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MeCP2, a Key Contributor to Neurological Disease, Activates and Represses Transcription

Science  30 May 2008:
Vol. 320, Issue 5880, pp. 1224-1229
DOI: 10.1126/science.1153252

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Abstract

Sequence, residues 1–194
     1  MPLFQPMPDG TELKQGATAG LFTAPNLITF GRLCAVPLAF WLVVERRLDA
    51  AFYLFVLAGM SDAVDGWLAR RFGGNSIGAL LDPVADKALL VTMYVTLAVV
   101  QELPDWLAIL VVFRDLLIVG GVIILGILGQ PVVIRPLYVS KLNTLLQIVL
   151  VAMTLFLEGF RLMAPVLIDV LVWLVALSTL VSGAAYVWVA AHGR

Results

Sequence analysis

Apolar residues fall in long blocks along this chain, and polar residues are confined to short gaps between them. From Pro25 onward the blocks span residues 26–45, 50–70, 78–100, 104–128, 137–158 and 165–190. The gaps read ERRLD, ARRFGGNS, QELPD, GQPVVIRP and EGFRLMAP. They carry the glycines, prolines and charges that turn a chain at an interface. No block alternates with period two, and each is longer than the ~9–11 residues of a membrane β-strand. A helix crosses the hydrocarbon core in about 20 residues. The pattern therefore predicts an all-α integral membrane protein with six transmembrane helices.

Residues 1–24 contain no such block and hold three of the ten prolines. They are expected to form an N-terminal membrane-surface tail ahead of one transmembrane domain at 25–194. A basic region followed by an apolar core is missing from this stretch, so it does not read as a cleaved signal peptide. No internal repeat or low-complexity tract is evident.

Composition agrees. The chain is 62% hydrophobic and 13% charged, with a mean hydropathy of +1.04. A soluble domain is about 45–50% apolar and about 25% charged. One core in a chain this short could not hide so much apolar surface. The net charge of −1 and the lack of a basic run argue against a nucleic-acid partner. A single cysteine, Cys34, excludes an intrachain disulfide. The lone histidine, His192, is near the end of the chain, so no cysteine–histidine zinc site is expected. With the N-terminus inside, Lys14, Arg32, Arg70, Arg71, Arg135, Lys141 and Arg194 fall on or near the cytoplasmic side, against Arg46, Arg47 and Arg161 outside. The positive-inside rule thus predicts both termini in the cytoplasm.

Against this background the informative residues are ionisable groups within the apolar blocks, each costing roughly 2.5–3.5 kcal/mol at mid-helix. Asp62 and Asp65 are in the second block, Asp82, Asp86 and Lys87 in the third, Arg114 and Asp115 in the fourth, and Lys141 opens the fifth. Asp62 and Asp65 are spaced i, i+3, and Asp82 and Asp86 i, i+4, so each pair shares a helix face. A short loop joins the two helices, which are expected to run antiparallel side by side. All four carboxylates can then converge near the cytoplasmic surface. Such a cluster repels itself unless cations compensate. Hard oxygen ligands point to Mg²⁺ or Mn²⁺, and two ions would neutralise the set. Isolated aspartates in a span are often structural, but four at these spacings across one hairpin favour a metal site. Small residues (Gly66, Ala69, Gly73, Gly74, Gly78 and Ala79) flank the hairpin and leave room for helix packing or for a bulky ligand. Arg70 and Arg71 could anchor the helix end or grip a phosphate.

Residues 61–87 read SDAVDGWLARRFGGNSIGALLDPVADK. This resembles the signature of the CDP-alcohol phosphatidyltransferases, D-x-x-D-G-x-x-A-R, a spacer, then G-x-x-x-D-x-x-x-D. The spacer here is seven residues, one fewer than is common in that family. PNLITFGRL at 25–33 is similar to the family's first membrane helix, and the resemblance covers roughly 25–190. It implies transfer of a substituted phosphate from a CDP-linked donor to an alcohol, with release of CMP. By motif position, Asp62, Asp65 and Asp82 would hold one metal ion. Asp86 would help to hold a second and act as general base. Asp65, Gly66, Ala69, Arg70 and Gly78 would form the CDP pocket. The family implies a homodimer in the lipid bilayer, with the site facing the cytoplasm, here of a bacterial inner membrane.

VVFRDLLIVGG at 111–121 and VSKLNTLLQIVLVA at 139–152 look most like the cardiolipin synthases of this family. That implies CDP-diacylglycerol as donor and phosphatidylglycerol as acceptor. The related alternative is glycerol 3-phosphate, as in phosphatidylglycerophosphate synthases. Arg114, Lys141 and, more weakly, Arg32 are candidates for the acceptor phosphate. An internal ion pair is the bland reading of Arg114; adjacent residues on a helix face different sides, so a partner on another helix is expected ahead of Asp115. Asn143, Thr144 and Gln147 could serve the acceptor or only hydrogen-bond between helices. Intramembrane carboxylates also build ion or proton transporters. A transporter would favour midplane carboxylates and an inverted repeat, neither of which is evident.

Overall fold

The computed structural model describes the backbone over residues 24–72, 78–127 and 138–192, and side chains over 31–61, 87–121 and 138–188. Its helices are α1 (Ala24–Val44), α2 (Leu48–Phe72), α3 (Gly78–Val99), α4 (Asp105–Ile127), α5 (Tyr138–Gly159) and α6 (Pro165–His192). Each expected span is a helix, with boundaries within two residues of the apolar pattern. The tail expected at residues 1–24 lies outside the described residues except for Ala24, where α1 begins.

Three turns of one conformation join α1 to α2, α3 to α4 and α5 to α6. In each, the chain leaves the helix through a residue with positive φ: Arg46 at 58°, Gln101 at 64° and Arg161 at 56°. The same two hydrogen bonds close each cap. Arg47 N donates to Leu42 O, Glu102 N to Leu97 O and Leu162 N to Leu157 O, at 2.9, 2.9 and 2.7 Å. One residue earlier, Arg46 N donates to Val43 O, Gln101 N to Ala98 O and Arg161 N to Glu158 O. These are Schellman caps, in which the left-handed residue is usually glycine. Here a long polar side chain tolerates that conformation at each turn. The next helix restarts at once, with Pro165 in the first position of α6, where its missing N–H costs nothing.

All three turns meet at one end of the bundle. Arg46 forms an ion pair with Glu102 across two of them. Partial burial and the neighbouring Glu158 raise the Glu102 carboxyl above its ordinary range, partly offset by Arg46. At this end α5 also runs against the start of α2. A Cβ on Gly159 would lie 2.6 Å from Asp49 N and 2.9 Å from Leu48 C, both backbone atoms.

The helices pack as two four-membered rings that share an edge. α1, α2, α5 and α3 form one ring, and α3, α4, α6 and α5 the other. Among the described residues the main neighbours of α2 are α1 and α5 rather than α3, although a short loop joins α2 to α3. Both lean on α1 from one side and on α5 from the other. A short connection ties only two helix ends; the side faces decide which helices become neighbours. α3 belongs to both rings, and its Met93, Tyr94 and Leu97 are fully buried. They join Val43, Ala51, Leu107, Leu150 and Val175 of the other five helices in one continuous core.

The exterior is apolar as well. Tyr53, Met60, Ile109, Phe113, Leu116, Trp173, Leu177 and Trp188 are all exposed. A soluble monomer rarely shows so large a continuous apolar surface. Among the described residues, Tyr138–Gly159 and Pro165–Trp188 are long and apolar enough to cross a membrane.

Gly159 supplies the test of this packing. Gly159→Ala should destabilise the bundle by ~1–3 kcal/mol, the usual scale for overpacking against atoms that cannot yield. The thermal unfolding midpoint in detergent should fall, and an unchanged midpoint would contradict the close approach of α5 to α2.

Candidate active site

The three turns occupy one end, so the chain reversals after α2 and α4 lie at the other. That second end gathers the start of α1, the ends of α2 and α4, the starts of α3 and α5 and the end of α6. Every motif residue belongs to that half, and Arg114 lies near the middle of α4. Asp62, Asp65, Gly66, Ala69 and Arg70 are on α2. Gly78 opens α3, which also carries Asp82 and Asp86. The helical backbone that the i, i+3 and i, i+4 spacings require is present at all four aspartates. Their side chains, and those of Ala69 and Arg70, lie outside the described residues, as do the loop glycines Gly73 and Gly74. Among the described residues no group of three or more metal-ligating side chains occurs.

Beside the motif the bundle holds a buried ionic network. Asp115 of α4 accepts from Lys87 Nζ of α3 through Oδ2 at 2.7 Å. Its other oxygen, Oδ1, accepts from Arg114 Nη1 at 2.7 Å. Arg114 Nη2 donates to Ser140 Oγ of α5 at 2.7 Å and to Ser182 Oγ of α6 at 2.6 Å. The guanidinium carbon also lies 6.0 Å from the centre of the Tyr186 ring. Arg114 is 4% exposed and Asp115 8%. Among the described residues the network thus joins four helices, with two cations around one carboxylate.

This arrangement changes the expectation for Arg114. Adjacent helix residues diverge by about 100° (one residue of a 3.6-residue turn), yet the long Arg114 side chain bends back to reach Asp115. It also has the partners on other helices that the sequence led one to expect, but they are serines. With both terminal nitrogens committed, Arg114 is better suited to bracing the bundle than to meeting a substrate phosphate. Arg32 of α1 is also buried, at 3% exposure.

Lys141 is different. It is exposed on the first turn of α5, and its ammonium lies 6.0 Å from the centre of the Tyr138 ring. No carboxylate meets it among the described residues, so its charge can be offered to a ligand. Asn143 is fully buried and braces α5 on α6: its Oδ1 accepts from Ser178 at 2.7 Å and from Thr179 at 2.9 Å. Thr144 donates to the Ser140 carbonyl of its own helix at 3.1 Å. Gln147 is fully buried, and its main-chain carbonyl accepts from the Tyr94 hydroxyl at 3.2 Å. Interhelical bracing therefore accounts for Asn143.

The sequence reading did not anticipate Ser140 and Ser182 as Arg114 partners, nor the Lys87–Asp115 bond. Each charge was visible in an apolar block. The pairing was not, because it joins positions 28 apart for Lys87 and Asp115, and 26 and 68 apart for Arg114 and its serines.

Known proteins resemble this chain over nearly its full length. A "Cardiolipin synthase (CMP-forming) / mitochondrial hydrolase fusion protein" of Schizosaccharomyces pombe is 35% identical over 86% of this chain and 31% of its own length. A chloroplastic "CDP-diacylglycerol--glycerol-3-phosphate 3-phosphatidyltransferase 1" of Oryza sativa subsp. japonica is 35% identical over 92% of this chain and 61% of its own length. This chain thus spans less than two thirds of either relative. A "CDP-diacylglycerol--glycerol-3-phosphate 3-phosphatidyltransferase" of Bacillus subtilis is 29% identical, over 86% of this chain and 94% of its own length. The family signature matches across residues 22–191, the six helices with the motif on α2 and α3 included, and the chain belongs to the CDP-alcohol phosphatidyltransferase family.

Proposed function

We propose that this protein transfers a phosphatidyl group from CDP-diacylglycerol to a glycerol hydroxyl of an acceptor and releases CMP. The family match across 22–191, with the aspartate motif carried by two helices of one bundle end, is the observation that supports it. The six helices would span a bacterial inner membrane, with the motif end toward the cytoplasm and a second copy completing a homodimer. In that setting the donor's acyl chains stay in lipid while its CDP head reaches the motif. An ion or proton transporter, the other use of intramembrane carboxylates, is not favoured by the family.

Mutations in the gene encoding the transcriptional repressor methyl-CpG binding protein 2 (MeCP2) cause the neurodevelopmental disorder Rett syndrome. Loss of function as well as increased dosage of the MECP2 gene cause a host of neuropsychiatric disorders. To explore the molecular mechanism(s) underlying these disorders, we examined gene expression patterns in the hypothalamus of mice that either lack or overexpress MeCP2. In both models, MeCP2 dysfunction induced changes in the expression levels of thousands of genes, but unexpectedly the majority of genes (∼85%) appeared to be activated by MeCP2. We selected six genes and confirmed that MeCP2 binds to their promoters. Furthermore, we showed that MeCP2 associates with the transcriptional activator CREB1 at the promoter of an activated target but not a repressed target. These studies suggest that MeCP2 regulates the expression of a wide range of genes in the hypothalamus and that it can function as both an activator and a repressor of transcription.

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